ISRAEL AND the Palestinian Authority are each trying to change facts before beginning negotiations on the final status of Palestine this month. Each is outraged that the other is doing so.
Israel's decision to begin construction of Har Homa, completing a ring of settlements around East Jerusalem, is a case in point. One purpose is to render impossible the incorporation of the Arab part of Jerusalem into the Palestinian state (be it sovereign or less). Denial of Jewish access to holy places when Jordan ruled East Jerusalem inspires the passion with which most Israelis demand the unity of Jerusalem.
But the eastern quarter, where the Palestinian flag already flies and Israelis do not readily venture, unites the northern and southern West Bank. Here is where the Palestinian Liberation Organization would seek a token capital of whatever Palestinian state emerges.
The PLO tried to prejudice the status negotiations by setting up offices in Arab East Jerusalem beforehand. Mr. Netanyahu is trying to nullify that by ordering Israeli police to close those offices. Members of Yasser Arafat's Fatah organization are trying to nullify Israel's decision on Har Homa by demonstrations.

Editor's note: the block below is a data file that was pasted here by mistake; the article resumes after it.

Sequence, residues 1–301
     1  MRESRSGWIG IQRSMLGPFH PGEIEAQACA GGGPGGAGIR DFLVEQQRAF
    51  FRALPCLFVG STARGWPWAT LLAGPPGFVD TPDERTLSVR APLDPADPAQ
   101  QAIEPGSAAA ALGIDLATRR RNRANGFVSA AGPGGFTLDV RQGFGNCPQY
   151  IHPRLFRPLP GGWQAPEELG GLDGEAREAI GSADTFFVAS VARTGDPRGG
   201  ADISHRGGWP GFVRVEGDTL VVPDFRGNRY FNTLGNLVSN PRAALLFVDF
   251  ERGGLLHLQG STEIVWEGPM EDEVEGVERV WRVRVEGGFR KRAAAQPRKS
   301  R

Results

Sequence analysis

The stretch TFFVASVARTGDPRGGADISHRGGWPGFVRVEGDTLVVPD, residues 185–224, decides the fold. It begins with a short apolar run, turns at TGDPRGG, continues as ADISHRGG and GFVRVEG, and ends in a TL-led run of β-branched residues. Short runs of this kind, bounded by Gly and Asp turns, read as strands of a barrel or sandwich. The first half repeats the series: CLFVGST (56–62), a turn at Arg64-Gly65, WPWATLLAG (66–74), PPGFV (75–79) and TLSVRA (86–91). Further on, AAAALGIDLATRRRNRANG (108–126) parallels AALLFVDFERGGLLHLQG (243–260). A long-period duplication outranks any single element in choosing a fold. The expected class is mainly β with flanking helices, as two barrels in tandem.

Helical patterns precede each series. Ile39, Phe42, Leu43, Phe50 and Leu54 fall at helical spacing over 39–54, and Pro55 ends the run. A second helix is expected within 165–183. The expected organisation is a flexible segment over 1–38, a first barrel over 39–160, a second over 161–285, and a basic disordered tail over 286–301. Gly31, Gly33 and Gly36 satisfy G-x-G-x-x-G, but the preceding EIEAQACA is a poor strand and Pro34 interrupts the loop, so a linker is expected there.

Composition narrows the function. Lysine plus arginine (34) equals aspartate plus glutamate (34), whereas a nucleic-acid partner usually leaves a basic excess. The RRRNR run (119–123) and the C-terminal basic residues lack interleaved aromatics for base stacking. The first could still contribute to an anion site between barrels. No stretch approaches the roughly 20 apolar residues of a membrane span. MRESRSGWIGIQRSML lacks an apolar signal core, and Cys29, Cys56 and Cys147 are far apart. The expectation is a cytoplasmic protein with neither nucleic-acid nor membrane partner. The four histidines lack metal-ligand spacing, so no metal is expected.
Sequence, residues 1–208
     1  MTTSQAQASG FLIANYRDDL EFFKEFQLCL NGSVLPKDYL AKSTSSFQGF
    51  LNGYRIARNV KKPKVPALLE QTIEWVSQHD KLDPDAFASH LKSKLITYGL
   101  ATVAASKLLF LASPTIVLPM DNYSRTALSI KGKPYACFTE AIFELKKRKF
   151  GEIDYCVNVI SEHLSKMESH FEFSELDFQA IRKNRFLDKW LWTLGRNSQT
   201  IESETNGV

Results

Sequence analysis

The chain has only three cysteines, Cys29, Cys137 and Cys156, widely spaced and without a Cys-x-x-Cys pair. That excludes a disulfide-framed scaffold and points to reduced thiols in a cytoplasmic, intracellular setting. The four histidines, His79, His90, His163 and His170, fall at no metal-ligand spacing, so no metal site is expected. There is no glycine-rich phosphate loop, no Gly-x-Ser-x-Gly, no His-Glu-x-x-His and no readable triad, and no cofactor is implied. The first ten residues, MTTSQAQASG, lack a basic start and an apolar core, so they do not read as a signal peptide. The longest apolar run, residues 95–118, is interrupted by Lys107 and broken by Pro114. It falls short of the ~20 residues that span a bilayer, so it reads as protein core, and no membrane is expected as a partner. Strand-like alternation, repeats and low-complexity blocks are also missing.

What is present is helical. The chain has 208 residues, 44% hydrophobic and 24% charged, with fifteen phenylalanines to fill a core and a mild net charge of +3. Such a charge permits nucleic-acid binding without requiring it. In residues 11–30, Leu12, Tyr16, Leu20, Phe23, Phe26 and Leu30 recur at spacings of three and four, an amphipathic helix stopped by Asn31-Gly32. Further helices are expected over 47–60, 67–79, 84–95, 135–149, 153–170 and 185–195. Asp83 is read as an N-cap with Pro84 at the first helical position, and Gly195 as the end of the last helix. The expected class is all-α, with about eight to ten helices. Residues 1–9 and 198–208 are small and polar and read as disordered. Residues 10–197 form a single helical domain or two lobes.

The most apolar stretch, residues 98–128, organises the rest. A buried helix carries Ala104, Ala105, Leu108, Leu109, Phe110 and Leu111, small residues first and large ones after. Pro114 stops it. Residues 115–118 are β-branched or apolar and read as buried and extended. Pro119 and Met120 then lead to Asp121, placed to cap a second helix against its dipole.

Mr. Arafat emphasized in Washington that he is going forward with status negotiations. Mr. Netanyahu's office reaffirmed its commitment to withdrawing from parts of the West Bank on the agreed timetable. Their maneuvers are provoked by the status negotiation, not meant to forestall it.
After Mr. Arafat was received by the president, the U.S. announced it would establish a joint committee with the Palestinian Authority to keep economic, cultural and other relations under review. President Clinton criticized the Israeli decision on Har Homa in the mildest of terms. His reception of Mr. Arafat was a stronger statement.
Mr. Arafat will be in New York today for the U.N. Security Council debate on Har Homa. It will be good if all governments realize that the negotiation for a final accommodation between Israeli and Palestinian aspirations is going forward, and that's what this exercise is about.
Pub Date: 3/05/97